A range of spearphishing attacks against Tibetan organisations have been detected.
According to research from security information and event management (SIEM) vendor AlienVault, the attacks are coming from China and signal a serious escalation into cyberwar from the 'cold war' that has existed between the two countries since the occupation by the Chinese army in 1950.
The company claimed that the attacks were targeted at Tibetan activist organisations including the Central Tibet Administration and International Campaign for Tibet.
It said that it believed that these attacks originate from the same group of Chinese hackers that launched the ‘Nitro' attacks against chemical and defence companies late last year, and were aimed at both spying on and stealing sensitive information about these organisations' activities and supporters.
Beginning with a spearphishing message, which included information on the Tibetan religious festival ‘Kalachakra Initiation', it featured a PDF that exploited a known vulnerability in Microsoft. Further investigation discovered that the malware was a variant of Gh0st RAT (a remote-access Trojan) that enables anything from stealing documents to turning on a victim's computer microphone.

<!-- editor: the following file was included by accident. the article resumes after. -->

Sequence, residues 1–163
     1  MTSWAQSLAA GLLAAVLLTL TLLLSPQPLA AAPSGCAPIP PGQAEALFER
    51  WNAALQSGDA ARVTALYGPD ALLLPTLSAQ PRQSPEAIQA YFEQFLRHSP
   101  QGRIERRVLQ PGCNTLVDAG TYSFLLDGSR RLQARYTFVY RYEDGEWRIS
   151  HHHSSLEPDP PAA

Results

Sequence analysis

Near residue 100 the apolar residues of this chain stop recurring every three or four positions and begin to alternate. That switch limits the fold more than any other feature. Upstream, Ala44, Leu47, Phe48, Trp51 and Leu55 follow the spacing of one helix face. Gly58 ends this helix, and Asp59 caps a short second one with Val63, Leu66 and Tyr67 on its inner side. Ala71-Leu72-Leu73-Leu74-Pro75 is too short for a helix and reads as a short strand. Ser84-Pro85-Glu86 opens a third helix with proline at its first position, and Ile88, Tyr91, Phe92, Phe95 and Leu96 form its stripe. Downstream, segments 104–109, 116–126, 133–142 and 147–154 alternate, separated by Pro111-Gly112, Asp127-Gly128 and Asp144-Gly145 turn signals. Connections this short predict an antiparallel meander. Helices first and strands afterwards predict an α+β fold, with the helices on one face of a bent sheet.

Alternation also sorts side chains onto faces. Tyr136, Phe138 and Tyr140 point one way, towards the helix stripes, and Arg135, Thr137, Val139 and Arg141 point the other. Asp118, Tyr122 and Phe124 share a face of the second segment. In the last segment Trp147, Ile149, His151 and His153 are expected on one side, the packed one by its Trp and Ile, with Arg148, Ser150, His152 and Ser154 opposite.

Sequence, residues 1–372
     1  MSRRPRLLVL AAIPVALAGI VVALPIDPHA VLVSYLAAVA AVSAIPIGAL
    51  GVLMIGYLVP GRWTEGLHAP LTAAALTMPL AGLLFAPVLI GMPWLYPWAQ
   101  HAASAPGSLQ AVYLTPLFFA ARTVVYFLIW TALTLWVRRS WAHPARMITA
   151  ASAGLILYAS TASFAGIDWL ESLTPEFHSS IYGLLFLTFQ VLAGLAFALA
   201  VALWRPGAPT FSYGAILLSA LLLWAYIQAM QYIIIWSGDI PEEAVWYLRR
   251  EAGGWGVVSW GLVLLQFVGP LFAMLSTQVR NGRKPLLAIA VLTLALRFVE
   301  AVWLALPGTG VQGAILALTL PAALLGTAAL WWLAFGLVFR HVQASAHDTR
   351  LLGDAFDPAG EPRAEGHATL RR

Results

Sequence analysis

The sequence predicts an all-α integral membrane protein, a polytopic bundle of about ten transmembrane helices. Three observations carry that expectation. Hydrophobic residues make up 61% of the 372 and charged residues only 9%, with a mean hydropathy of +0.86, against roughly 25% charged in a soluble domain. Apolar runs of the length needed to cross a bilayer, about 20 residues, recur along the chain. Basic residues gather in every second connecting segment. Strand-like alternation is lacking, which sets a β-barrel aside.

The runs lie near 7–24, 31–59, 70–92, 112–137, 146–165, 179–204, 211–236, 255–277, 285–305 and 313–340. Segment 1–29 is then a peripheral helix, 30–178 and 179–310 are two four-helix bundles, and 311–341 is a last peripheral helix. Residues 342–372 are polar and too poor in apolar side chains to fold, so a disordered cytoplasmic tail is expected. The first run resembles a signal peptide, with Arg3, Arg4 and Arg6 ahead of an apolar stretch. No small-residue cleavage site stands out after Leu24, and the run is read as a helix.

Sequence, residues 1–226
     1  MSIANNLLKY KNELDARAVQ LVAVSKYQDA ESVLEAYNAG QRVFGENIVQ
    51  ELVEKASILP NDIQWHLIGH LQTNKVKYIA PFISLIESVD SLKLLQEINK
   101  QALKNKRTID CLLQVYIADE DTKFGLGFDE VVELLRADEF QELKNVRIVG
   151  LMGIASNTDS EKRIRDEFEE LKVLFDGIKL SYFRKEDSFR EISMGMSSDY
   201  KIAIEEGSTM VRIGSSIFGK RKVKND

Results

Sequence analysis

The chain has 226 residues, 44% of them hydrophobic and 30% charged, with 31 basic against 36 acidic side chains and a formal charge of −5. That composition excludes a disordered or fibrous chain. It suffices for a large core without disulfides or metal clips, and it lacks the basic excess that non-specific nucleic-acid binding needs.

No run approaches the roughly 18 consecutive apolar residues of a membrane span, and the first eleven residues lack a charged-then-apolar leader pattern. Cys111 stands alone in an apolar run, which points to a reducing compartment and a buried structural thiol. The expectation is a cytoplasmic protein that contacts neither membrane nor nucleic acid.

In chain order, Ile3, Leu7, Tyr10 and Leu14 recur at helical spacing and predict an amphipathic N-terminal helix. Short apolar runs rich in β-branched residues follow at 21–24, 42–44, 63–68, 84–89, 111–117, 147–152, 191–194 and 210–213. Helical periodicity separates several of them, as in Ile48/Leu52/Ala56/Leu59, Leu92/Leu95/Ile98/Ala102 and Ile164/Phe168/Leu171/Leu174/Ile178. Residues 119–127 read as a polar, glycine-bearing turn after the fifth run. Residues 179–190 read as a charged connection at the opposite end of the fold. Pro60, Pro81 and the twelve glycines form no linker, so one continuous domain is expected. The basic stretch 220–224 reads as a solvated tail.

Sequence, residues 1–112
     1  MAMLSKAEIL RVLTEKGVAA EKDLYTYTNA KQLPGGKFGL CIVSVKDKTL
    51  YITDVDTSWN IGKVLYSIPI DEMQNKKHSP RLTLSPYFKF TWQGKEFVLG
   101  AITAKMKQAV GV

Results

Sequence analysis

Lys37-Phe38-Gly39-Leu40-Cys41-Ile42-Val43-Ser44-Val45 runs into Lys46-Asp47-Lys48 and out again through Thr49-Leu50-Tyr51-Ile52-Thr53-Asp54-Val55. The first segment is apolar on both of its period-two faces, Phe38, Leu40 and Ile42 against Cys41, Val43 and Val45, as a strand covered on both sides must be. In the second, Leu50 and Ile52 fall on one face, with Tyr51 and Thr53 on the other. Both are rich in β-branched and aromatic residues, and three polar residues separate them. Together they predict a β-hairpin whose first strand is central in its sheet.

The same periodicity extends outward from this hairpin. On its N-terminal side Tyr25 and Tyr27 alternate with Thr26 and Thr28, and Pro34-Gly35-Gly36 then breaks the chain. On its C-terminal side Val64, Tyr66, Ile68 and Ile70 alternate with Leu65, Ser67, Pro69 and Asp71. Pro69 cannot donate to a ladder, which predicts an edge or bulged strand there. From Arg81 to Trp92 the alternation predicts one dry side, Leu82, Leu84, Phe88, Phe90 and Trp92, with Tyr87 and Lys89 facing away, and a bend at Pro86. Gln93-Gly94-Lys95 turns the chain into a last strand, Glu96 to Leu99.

This was also a primary tool used in the Nitro attacks last year, and the variant AlienVault uncovered in these attacks seem to come from the same actors.
The malware was digitally signed to give it an extra layer of authenticity, although the certificate was revoked by VeriSign on 12 December 2011.
Jaime Blasco, head of labs at AlienVault, said "The spearphishing emails aren't that sophisticated and feature a Microsoft .doc attachment that exploits a known Office stack overflow vulnerability dating back to last September, which has since been patched by Microsoft.”
He also said that this attack uses command-and-control servers to allow cyber criminals to gain remote control of infected machines as well as let them change the structure and purpose of the malware program code remotely.
This allows the attacker to remotely adapt the infection in response to changing circumstances, such as updates to anti-virus software. VirusTotal found that these obfuscation steps meant the infection was detected by just two anti-virus vendors at the time of the attacks.
The company previously detected Chinese attacks against US government agencies, including the US Department of Defense, which used a new strain of the Sykipot malware to compromise smartcards.